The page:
Intermittent fasting (IF) is by no means a new ‘fad diet.’ In fact, IF has been around throughout human evolution and is still used in many spiritual practises. Hunters and gathers would often go for extended periods of time without eating, as there was simply no food available. As such, our bodies have actually become accustomed to going long periods without food. However, in modern society, we are so used to eating on a regular basis, we often don’t know what it feels like to be hungry and as such our ability to cope with this feeling is generally limited.
Basically, IF involves not eating, or eating very little food for a period of time. The theory is, if you stop eating for a period of time, it allows the body to burn off its excess fat, as it does not have access to food as a fuel source.
Some common methods used are:
This involves eating normally for 5 days, generally a balanced, Mediterranean style diet, followed by eating a calorie restricted diet for 2 days. Commonly on the fasting days you eat between 500-600 calories. This diet generally doesn’t tell you what to eat, its more focused on the times your eat and the calorie intake. Meaning you could technically get your calories from cake or chocolate, as long as you don’t go over the recommended amount. This can cause issues, as your body may not be getting this nutrients and vitamins it needs from food, due to the restriction in calories.
This IF diet restricts the time you are able to consume food to just 8 hours a day. This might mean consuming your first meal from 10am and eating your last meal before 6pm. Similar to the 5:2 diet, 16/8 is not as focused on what you are eating, more so what time you are eating.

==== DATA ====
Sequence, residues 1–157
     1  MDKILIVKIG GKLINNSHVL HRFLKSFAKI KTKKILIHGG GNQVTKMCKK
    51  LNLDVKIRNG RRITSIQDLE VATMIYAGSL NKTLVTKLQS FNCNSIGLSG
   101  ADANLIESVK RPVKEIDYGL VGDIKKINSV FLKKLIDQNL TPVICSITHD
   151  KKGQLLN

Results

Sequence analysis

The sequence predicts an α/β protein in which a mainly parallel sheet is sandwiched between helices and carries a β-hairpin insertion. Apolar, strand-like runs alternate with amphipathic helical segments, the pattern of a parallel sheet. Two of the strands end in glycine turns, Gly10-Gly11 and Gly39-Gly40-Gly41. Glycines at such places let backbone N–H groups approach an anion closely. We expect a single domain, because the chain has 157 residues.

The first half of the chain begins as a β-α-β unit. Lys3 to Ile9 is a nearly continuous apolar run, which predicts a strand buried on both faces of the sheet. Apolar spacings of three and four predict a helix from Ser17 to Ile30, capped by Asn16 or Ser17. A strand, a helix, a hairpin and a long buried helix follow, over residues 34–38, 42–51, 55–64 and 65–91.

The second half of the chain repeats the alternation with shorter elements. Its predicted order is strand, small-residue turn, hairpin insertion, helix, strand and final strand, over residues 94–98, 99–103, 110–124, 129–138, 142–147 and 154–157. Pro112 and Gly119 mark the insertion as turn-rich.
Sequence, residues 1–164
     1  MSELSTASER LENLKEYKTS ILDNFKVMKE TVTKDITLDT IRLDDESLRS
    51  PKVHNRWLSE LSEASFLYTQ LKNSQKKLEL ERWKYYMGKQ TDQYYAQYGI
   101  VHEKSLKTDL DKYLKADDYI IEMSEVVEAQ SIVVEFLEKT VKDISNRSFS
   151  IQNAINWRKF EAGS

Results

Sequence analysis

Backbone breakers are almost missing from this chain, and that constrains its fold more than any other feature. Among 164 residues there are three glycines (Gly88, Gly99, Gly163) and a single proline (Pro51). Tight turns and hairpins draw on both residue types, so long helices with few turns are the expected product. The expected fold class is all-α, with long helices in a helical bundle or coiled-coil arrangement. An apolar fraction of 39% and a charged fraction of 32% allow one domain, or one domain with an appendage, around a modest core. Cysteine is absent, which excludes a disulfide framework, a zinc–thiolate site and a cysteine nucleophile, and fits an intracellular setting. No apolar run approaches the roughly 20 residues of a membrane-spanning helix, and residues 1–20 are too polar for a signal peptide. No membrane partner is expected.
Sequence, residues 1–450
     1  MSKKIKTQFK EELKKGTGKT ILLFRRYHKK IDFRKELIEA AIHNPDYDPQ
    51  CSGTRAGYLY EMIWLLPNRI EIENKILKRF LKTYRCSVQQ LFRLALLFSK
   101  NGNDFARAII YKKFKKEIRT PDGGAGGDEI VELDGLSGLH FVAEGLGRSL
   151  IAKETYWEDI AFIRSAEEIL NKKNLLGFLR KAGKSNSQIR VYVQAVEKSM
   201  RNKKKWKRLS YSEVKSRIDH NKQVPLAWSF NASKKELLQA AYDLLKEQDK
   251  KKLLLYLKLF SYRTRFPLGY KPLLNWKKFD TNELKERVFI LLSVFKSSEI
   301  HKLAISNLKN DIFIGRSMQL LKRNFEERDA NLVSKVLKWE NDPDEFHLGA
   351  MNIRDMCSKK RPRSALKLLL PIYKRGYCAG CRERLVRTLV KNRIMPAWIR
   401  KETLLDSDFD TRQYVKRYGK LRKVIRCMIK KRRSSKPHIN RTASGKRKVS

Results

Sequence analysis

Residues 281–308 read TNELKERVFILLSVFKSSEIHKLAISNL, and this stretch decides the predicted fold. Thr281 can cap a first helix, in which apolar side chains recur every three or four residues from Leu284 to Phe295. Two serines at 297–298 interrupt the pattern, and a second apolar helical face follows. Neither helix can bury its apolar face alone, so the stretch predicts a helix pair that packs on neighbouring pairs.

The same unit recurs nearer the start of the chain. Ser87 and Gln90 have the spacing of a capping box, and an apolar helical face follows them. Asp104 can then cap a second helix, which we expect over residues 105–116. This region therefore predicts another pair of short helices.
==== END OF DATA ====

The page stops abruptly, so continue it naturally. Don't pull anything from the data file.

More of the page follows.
Things to consider:
Results indicate that most people on an IF do experience weight lose, however they also experience muscle lose. Also, the weight lose tends to plateau as the body adjusts to the new eating plan. It is recommended that you have a high protein intake and continue strength training while undertaking this diet.
No counting calories
This diet allows you to continue with your regular eating habits, simply adjusting the hours you eat. This can be seen as both a positive and a negative, positive as you don’t have to make diet changes, negative because you may be continuing to make poor diet choices. This may mean your body is not getting the nutrients it requires and you will more than likely regain the weight once you stop fasting.
May lead to overeating
Fasting for a period of time can leave you feeling ravenous and starving for that first meal. This can lead to overeating and large portions when it comes to finally breaking the fast period. It is important to plan that first meal and pace yourself.
Can be difficult to maintain lifestyle
Many social activities can centre around food. Undertaking IF may leave you feeling isolated from social occasions and difficult to maintain.
So does it work?
The evidence on this varied. It seems people lose weight at the beginning, but there is little information to suggest that is maintainable and effective long-term.
I used myself as a guinea pig and undertook the 16:8 diet, so I only ate for 8 hours a day for 2 weeks. Honestly, it left me feeling exhausted, hungry and weak. As someone who likes strength training, I found that my training suffered while I was on the diet. This was because I wasn’t able to train to my full capabilities due to having no fuel. I did lose about 2kg, but as soon as I went off the diet it came back on straight away, so chances are it was just water weight.
I think it you want to use this diet to kickstart your weight lose, then go for it. I’m sure about its long term benefits though…